First Smoking Forum Draws Few at Kent State

Tobacco-free campus committee asking public for input; series of public meetings planned at all 8 campuses

The Kent State University committee reviewing the idea of possibly banning smoking on all eight campuses Tuesday held the first of 21 public forums scheduled to gather feedback on the issue.

The first meeting Tuesday morning, one of three held yesterday on the Kent campus, drew less than 20 members of the campus community, including members of the committee, press and university administration.

Evan Gildenblatt, executive director of Kent State's Undergraduate Student Government, said the committee is merely gathering information at this point in order to make a recommendation to Kent State President Lester Lefton's cabinet after all the public meetings are held.

"We are not making binding decisions, but we are gathering input on how this will effect our campus community here at Kent State University," he said.

The public forums are scheduled through March 14 across all eight campuses and include two more set for the Kent campus on Thursday. See the flier attached to this article for a complete list of times and dates.

Part of the feedback-gathering process included a survey distributed late last year about the idea of banning tobacco use. More than 8,300 people responded to the survey.

Take our poll. Should Kent State ban smoking?

Greg Jarvie, vice president of enrollment management and student affairs and co-chair of the committee, said they're withholding the results of the survey until after all the meetings are held.

He said the committee is on track to make its recommendation to the president's cabinet this summer.

The first meeting Tuesday morning revolved more around the idea of adjusting the university's existing smoking policy to create designated smoking spaces and increasing the distance smokers must stay away from building entrances instead of focusing on banning smoking completely.

Marianne Warzinski, director of academic programming for the College of Communication and Information at Olson Hall, said the university should consider a policy that creates a more harmonious balance between smokers and non-smokers.

"If you ask me if I think it should be smoke-free, the answer is yes," she said. "I feel like the current policy isn’t working quite well.”

Warzinski said her office is constantly flooded with secondhand smoke by people who light up on their way outside or who ignore the buffer of 20 feet required between smokers and building entrances.

“I’m getting secondhand smoke pretty much every day," she said. "Our campus, to be blunt, looks like an ash tray."

So to address litter and secondhand smoke issues she and several others at Tuesday's meeting suggested increasing the buffer distance or building an outdoor pavilion or other designated smoking area.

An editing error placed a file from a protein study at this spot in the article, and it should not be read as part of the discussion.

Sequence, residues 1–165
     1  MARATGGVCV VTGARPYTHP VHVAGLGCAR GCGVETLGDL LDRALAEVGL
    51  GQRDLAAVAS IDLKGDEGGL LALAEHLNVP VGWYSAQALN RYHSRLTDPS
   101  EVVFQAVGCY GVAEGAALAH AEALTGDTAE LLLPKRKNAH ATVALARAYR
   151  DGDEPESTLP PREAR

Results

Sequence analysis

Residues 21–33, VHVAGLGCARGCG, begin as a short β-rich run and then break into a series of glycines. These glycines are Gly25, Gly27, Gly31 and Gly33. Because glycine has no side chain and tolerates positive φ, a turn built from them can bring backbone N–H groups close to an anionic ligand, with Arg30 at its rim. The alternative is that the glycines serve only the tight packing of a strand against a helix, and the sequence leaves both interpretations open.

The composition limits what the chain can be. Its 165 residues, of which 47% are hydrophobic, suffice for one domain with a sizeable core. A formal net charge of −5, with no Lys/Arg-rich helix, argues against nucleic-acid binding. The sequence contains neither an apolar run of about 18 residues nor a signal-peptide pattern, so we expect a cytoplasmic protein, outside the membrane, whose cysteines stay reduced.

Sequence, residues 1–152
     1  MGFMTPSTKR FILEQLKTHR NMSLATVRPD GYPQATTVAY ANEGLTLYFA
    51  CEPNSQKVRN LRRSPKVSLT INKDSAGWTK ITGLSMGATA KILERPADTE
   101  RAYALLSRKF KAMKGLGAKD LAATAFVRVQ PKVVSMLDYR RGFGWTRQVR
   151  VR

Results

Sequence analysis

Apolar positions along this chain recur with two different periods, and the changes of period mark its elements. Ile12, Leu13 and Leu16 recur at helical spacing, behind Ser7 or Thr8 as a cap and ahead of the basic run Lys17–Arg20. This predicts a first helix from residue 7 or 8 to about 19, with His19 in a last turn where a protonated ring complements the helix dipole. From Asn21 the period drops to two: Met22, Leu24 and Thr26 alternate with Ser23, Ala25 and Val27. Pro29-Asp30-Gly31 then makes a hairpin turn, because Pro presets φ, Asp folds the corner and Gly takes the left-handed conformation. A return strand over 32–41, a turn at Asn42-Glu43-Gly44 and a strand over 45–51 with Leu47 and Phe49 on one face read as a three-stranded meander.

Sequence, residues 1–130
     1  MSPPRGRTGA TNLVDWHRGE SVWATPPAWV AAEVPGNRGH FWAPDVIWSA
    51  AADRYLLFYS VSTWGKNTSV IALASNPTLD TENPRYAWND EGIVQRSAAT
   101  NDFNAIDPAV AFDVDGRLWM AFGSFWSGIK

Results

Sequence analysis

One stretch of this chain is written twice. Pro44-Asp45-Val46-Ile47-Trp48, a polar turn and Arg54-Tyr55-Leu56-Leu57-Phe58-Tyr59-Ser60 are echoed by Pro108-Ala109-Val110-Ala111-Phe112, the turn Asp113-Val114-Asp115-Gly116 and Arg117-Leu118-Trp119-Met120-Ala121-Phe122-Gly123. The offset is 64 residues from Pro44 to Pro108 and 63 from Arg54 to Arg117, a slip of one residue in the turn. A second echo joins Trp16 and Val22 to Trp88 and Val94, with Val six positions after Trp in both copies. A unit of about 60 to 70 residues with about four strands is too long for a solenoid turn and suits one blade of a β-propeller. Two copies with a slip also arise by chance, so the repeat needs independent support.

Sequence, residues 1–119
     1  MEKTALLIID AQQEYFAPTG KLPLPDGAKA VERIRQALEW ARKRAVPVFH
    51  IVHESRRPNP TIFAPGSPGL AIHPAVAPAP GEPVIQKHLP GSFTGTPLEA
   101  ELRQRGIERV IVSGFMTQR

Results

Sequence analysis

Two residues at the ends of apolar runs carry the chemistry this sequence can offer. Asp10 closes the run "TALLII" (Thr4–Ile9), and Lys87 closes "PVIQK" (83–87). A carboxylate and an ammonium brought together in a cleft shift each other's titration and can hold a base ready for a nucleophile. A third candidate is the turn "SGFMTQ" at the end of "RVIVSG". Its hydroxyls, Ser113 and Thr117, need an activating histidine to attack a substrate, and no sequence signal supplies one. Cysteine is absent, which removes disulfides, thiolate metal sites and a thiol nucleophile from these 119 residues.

"We haven't ruled anything out," Gildenblatt said.

Thursday's public forums are at 11 a.m. and 2 p.m. in the governance chambers on the second floor of the Kent State Student Center.

The Omnipotent Sponge - Soak it up! March 01, 2013 at 09:29 PM
Oh yes, call me more names. It feels so good!!
The Omnipotent Sponge - Soak it up! March 01, 2013 at 09:30 PM
So how much do you get paid to do this?
The Omnipotent Sponge - Soak it up! March 01, 2013 at 09:38 PM
Smoking is a leading cause of cancer and death from cancer. It causes cancers of the lung, esophagus, larynx, mouth, throat, kidney, bladder, pancreas, stomach, and cervix, as well as acute myeloid leukemia (1, 2). Smoking also causes heart disease, stroke, aortic aneurysm (a balloon-like bulge in an artery in the chest), chronic obstructive pulmonary disease (COPD) (chronic bronchitis and emphysema), asthma, hip fractures, and cataracts. Smokers are at higher risk of developing pneumonia and other airway infections (1, 2). A pregnant smoker is at higher risk of having her baby born too early and with an abnormally low birth weight. A woman who smokes during or after pregnancy increases her infant’s risk of death from Sudden Infant Death Syndrome (SIDS) (1, 2). Men who smoke are at greater risk of erectile dysfunction (5). Cigarette smoking and exposure to tobacco smoke cause more than 440,000 premature deaths each year in the United States (1). Of these premature deaths, about 40 percent are from cancer, 35 percent are from heart disease and stroke, and 25 percent are from lung disease (6). Smoking is the leading cause of premature, preventable death in this country.
The Omnipotent Sponge - Soak it up! March 01, 2013 at 09:39 PM
The immediate health benefits of quitting smoking are substantial: Heart rate and blood pressure, which are abnormally high while smoking, begin to return to normal. Within a few hours, the level of carbon monoxide in the blood begins to decline. (Carbon monoxide reduces the blood’s ability to carry oxygen.) Within a few weeks, people who quit smoking have improved circulation, produce less phlegm, and don’t cough or wheeze as often. Within several months of quitting, people can expect substantial improvements in lung function (17). In addition, people who quit smoking will have an improved sense of smell, and food will taste better.
The Omnipotent Sponge - Soak it up! March 01, 2013 at 09:41 PM
Oh man, this is too much. I really must get back to my cigarette free lifestyle. Wow. You are a fun one Magnetic. A little whacked and way too into denial, but fun none the less.


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